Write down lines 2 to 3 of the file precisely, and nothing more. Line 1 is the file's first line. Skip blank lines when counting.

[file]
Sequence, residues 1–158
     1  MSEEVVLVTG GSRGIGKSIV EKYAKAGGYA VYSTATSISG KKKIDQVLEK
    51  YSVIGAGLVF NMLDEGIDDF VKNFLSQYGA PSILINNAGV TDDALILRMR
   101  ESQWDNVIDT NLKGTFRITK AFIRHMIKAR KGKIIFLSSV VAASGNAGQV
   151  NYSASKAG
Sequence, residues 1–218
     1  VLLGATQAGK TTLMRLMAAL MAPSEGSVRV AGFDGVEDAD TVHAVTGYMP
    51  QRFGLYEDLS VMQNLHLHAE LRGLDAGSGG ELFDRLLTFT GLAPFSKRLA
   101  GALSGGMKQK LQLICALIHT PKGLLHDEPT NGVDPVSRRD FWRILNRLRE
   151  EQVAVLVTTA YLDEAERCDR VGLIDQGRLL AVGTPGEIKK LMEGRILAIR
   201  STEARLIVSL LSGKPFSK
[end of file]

     1  MSEEVVLVTG GSRGIGKSIV EKYAKAGGYA VYSTATSISG KKKIDQVLEK
    51  YSVIGAGLVF NMLDEGIDDF VKNFLSQYGA PSILINNAGV TDDALILRMR